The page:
This mail from Ian last week is helpful (technical) background.

Sean Whitton

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From: Ian Jackson <>
Message-ID: <>
Date: Wed, 9 Mar 2022 16:38:43 +0000
To: Sean Whitton <>
Cc: Russ Allbery <>,
Subject: Re: proposed MBF: packages still using source format 1.0

Sean Whitton writes ("Re: proposed MBF: packages still using source format 
> On Wed 09 Mar 2022 at 01:08pm +01, Lucas Nussbaum wrote:
> > On 08/03/22 at 17:33 -0700, Sean Whitton wrote:
> >> Lucas, as I've had a lot to do with these git workflows and have
> >> probably done the most work documenting them, I can help with any
> >> specific follow-up questions you might have.
> >
> > Thanks!
> >
> > So the main question I think I have is:
> >
> > can we find a middleground where the git workflows don't require staying
> > with 1.0? Even if that means switching to 3.0 (quilt) using the
> > single-debian-patch approach?
> dgit-maint-merge(7) works with single-debian-patch and that's what I
> use.  But it is not clear to me that there are any advantages at all to
> that over 3.0 (quilt) with single-debian-patch?

The situation here is complicated.

The tl;dr is that

 * there are several situations where 1.0-native is the best answer,
 * there are several situations where 1.0-with-diff is the best answer,

The root cause of both of these situations is that 3.0, sadly,
is not always better in every respect than 1.0.

1. Why is 1.0-without-diff not always worse than 3.0 (native) ?

1.0 native is sometimes better than 3.0 (native) because dpkg-source
refuses to build a 3.0 native package with a Debian revision in its
version number.

This prohibition exists solely because of a doctrinal objection to
native-format packages with Debian revisions.  There is no technical
reason why this restriction could not be lifted.  I sometimes upload
this way and I have never had anyone report problems[1] with it.

IMO there is nothing wrong with native format packages with Debian
revisions.  They work just fine.  For a small paockage, this is often
a good choice, because it avoids dealing with patches at all.

For anything but a small package, use of diffs is needed as a storage
and distribution optimisation.

2. Why is 1.0-with-diff not always worse than some 3.0 format ?

1.0-with-diff has the following advantage over 3.0 (quilt):

The extracted source tree does not contain a diff.  The inclusion of
the diff *inside* the source tree (which happens with "3.0 (quilt)"
whether or not single-debian-patch is specified) causes all manner of
problems: it means that only certain states of the extracted tree are

With 3.0 and single-debian-patch, modifying ordinary files can
generate a tree which doesn't round-trip through dpkg-source --build
and dpkg-source --extract: dpkg-source --build needs to "commit" the
changes to the diff, amending the working tree.

In other words, the working tree contains output files.  This causes
trouble if you want to represent the package in git.  This is why dgit
has all this quilt-fixup stuff.  With 1.0-with-diff, no quilt fixup is

3. Why is 1.0-native not just as good as 3.0 (native) ?

The only significant advantage of 3.0 (native) is that dpkg-source is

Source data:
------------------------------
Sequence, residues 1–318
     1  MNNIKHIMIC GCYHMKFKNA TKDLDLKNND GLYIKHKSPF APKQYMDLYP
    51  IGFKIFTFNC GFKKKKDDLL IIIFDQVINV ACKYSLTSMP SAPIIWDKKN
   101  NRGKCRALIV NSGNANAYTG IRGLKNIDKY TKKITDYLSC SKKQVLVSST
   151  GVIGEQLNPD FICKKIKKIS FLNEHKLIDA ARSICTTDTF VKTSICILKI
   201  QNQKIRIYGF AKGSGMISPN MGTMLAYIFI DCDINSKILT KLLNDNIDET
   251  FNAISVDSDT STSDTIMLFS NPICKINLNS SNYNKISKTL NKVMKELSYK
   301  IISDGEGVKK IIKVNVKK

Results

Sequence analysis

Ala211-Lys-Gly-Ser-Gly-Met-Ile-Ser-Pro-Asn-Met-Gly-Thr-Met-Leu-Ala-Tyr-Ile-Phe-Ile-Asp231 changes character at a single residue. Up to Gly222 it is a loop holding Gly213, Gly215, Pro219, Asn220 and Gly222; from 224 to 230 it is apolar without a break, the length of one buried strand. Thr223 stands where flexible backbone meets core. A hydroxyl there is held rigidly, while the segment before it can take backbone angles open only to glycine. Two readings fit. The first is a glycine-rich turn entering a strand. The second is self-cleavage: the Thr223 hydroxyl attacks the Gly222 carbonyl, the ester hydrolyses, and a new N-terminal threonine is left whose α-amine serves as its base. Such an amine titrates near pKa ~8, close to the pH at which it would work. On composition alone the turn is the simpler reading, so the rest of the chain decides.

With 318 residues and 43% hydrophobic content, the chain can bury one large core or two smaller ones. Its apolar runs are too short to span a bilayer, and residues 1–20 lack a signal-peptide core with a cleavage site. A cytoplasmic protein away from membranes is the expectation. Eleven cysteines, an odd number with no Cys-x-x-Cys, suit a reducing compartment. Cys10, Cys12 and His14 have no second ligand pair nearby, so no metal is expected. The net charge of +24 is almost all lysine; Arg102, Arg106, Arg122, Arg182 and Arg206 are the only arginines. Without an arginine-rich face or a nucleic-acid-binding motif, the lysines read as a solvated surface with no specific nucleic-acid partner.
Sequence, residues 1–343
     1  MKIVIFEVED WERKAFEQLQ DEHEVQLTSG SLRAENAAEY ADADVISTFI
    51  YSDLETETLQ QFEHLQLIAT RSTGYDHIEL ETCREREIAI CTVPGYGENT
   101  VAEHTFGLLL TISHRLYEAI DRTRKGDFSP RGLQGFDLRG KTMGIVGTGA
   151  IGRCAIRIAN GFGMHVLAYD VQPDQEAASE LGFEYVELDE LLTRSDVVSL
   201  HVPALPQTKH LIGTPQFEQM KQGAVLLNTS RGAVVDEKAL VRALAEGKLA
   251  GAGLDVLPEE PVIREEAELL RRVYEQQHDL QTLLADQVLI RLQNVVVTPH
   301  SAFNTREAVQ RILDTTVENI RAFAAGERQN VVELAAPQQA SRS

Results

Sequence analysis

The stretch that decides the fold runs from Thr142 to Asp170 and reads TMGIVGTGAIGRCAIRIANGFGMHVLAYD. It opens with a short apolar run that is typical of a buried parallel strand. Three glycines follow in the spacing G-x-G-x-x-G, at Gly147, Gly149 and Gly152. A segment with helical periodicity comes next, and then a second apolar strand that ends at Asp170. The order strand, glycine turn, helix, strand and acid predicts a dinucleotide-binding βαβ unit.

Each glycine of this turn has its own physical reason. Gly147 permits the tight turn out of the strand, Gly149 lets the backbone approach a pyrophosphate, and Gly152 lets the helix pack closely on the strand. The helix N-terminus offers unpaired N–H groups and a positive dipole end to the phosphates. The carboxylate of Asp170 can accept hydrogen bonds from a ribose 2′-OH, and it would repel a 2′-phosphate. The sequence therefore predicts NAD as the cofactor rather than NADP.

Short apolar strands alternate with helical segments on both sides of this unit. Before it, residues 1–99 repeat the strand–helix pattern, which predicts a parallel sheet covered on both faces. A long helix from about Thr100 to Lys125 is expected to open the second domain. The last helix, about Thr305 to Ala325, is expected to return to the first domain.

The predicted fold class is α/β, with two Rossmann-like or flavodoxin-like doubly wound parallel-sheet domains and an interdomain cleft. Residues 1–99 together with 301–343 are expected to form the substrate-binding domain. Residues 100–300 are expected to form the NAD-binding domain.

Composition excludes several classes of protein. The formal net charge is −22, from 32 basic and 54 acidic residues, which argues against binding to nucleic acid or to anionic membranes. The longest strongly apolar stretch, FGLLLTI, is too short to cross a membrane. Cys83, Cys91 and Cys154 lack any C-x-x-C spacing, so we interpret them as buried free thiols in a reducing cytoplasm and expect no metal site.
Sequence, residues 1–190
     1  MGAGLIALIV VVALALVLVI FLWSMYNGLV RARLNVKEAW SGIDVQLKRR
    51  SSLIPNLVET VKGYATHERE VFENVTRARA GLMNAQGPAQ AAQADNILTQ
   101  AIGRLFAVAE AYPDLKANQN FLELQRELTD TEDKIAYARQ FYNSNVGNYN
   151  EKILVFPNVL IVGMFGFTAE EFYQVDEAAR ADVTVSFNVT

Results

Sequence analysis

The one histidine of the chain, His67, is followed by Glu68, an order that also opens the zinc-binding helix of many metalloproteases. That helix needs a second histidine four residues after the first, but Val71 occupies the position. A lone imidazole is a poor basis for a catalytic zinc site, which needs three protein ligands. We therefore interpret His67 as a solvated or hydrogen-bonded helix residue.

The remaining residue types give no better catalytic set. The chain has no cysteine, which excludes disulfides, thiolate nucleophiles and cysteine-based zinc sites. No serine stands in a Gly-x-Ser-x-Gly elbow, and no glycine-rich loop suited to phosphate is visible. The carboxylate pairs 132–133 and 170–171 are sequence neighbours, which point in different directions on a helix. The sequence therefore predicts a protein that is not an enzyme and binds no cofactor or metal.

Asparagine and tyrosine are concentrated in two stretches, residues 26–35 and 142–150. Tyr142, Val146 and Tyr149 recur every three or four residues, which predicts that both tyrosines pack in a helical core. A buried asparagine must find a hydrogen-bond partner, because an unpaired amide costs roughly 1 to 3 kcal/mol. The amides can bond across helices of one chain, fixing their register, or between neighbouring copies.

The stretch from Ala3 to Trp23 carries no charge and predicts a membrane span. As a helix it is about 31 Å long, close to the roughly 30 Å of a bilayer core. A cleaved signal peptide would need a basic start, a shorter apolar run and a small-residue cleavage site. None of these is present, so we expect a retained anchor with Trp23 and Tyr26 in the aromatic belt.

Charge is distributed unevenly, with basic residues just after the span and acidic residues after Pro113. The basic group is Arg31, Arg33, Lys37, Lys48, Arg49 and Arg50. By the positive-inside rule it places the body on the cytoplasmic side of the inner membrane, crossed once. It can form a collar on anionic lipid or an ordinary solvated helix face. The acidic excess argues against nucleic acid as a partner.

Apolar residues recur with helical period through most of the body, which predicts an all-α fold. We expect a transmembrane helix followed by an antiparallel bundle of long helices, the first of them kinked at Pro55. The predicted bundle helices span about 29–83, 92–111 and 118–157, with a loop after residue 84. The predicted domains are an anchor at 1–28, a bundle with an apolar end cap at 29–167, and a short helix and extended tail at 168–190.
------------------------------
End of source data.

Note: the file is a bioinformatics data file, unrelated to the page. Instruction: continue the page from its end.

willing to create and extract 3.0 packages using newer compression
algorithms such as xz.

There were no good reason why the additional compression algorithms
were not supported in 1.0.  ("3.0 (native)" does offer some minor
metadata format advantages, so its existence is not entirely

If the restriction against native format with Debian revision were
lifted, "3.0 (native)" would be as capable as 1.0-without-diff, and
slightly superior.  So in that case, "3.0 (native)" should probably
replace all uses of 1.0-native.

4. What disadvantages does 1.0-with-diff suffor from, compared to "3.0
(quilt)" with single-debian-patch ?

The main disadvantage is that there are changes to the source tree
which are representable in "3.0 (quilt)" but which 1.0-with-diff does
not support.  (The precise details and the history are too compiex to
go into.)

I haven't checked recently, but this used to be enforced both on
building and on extraction.  So changing this is not so simple, since
we shouldn't start distributing packages in a new source format (or
variant) until the new extraction capability is very widely deployed.

But, ultimately, it would probably be a good idea.  Whether the to
call resulting thing "1.0" or "3.0 (diff)" doesn't really seem very

The important properties are that it should support at least every
change that current diff(1) can represent.

5. Why is native sometimes superior to any quilt or diff format

We rely on diff(1) to represent changes to source trees and patch(1)
to apply them.  Not every change is representable by diff.

diff/patch does improve, of course.  That is not an unalloyed benefit,
though, because it means that when diff/patch improve we can
accidentally generate source packages that earlier versions can't
extract - a compatibility hazard.

Changes not representable by diff is what Sean is talking about here:

> Ian has some cases where something that is representable in git is not
> representable using 3.0 (quilt) but is representable using 1.0.  I don't
> have those cases to hand; Ian, could you summarise, please?

Currently, I think diff cannot represent changes to symlinks.
git can store symlinks and represent their targets, and changes to
their targets.


[1] By "problems" I mean "some software did a wrong thing", not
"I am offended by your breach of my notions of propriety".

Ian Jackson <>   These opinions are my own.  

Pronouns: they/he.  If I emailed you from or,
that is a private address which bypasses my fierce spamfilter.
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